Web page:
Calvert County commissioners talked business with Chesapeake Beach Mayor Gerald Donovan at Tuesday's meeting in an attempt to settle the mayor's months-old proposal to swap land with the county for a town recreational complex.
Board members and Donovan traded barbs in an exchange that some of those involved suggested included vague threats and short tempers. Miffed at the lack of board support for his plan, the mayor retracted his proposal altogether but then called for an eight-minute recess to discuss alternatives with members of his Town Council.
The end result after two hours of maneuvering: no decision.
Commissioners instead agreed to consider a compromise suggested by Donovan, in which the town would give the county three acres it owns in the center of Chesapeake Beach's recreational complex and would finance about $400,000 in improvements to the Northeast Community Center. In return, the county would provide $595,000 in improvements, including lighting, to Kellam Field, a ballpark used by many Calvert youth sports clubs.
Donovan asked that the town be reimbursed for its part of those expenditures throughelection District 3 recording fees, generated each time a property is recorded. Board President Linda L. Kelley (R-Owings) said she was wary of allocating recording revenue to the project, but Donovan insisted the county share in the costs.
"This isn't a Sears catalog where you go through and wish you had this or that," Donovan chided. After the meeting, Donovan said he was "tickled to death" about the possible compromise and said he hopes the county can find funding to make the deal a reality.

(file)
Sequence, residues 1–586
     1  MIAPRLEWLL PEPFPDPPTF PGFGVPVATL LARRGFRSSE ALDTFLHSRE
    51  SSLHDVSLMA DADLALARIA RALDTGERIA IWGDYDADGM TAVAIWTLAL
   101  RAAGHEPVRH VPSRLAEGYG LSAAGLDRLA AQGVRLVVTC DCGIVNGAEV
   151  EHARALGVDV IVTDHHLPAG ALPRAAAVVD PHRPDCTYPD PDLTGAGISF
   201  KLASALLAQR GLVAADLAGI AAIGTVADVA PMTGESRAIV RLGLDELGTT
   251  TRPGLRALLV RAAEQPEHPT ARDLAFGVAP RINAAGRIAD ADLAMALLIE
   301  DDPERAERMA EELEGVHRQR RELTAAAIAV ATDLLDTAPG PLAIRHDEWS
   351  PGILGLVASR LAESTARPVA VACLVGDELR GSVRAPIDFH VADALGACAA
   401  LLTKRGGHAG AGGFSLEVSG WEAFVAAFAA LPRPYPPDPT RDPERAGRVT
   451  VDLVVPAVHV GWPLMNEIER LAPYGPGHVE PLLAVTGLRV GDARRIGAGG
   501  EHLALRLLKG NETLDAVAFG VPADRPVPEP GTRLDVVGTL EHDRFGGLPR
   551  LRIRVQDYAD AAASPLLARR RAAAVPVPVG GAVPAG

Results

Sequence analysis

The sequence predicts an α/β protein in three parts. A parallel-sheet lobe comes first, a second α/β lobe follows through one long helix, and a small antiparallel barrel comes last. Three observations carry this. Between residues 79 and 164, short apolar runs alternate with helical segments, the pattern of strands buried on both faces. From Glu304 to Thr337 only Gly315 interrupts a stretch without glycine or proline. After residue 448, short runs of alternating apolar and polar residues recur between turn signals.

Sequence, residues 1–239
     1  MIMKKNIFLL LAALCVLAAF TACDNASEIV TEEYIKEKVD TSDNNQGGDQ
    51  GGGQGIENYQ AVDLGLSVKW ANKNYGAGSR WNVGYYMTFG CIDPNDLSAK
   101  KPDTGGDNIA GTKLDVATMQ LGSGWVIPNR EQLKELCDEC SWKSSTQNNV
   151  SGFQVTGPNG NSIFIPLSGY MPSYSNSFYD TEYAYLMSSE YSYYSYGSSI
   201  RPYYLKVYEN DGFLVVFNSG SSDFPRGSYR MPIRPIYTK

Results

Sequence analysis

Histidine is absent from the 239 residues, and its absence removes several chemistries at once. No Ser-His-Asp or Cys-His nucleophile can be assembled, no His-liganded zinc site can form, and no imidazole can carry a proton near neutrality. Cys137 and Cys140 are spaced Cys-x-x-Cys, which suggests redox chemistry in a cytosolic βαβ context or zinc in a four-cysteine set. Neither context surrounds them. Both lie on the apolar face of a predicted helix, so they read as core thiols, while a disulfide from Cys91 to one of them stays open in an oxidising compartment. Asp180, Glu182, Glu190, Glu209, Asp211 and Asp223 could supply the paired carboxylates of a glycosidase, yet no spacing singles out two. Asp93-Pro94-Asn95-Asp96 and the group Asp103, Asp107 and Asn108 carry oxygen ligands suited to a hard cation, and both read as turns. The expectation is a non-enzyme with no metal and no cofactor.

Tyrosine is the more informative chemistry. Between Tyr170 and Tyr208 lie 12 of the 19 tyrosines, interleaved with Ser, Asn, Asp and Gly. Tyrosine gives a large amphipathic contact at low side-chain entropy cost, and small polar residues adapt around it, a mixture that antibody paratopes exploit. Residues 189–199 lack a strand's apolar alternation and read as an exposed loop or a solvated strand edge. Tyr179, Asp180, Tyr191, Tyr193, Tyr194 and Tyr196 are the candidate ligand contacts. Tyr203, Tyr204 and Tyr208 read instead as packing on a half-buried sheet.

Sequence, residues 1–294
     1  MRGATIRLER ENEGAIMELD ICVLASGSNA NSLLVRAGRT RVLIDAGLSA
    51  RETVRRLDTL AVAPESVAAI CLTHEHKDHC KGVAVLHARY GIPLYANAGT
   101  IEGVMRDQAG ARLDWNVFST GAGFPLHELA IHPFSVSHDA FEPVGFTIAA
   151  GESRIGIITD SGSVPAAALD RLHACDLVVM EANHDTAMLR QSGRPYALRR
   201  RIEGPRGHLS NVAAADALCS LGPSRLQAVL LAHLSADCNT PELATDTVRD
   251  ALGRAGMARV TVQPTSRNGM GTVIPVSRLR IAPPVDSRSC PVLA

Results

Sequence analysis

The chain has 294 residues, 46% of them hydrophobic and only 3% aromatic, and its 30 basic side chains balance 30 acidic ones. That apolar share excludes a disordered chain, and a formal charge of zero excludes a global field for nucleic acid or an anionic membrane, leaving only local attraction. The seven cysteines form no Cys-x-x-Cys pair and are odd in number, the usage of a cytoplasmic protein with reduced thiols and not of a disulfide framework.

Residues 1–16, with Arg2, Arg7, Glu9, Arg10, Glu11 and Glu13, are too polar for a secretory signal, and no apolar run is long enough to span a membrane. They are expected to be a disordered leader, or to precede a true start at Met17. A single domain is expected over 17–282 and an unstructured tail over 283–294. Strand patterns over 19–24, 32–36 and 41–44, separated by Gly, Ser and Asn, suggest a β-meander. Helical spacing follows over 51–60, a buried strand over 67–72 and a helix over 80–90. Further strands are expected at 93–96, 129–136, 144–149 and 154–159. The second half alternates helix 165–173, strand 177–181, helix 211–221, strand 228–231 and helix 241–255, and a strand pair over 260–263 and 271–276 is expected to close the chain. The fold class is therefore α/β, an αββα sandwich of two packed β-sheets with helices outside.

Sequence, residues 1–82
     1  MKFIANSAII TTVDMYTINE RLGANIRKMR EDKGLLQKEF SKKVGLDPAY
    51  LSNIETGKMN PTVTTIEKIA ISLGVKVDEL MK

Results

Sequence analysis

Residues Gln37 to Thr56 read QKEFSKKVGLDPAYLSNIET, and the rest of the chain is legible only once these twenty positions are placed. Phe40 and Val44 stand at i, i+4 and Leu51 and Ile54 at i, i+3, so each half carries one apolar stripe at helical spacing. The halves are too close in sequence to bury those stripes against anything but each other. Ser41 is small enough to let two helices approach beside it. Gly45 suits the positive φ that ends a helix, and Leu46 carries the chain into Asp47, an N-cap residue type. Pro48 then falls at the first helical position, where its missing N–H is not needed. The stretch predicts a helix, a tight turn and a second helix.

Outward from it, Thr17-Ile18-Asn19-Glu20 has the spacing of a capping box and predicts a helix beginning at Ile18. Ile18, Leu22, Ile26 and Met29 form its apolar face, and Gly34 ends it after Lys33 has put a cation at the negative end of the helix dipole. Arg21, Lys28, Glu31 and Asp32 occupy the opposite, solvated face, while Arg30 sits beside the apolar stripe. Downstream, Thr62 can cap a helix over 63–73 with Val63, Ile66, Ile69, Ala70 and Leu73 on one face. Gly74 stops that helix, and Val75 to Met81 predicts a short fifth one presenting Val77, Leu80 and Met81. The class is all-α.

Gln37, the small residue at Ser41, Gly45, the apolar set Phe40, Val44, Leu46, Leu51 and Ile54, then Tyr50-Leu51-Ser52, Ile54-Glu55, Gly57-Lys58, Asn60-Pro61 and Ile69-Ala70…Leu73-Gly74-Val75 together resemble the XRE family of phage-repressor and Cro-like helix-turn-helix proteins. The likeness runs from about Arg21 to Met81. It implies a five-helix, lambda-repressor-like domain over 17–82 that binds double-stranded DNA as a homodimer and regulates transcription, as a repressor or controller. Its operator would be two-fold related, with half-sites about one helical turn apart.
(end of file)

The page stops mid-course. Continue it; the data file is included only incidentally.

But commissioners were not exactly enthusiastic about the idea, even though David F. Hale (R-Owings) was the only one openly opposed to considering the compromise during the board's 4 to 1 vote. Hale wanted to debate the proposal in its original form, but Donovan took back his plan once it became clear that the majority of commissioners did not support the swap.
"I really believe emotion kind of carried the day," Hale said after the meeting. "I was certainly disappointed we weren't able to come to a compromise. I find it sad there was no real discussion."
The first draft of Donovan's proposal called for the county to give the town ownership of Kellam Field, the ballfield that sits next to Chesapeake Beach's $2.3 million water park. In exchange, the town offered the county a property of comparable size just west of the field. As a bonus, Donovan said, the town would spend $500,000 on improvements to the land it would relinquish to the county, including a new ballfield with lights, a scoreboard, bathrooms and pavilions. The plan would have left the town in control of a vacant 60,000-square-foot lot next to the water park, and the future use of this lot was a frequent source of argument in the debate.
Commissioner Patrick M. Buehler (D-St. Leonard) said ugly politics effectively killed a deal that would have benefited the county, especially the children who play football at Kellam Field.
"We went from a $500,000 improvement plan that didn't cost the county a red nickel to a plan that will cost the county $595,000," he said. "It's one of those deals that turned ugly. Nobody won, the kids lost and we're back to square one."
Commissioners expect to revisit the issue at next week's meeting.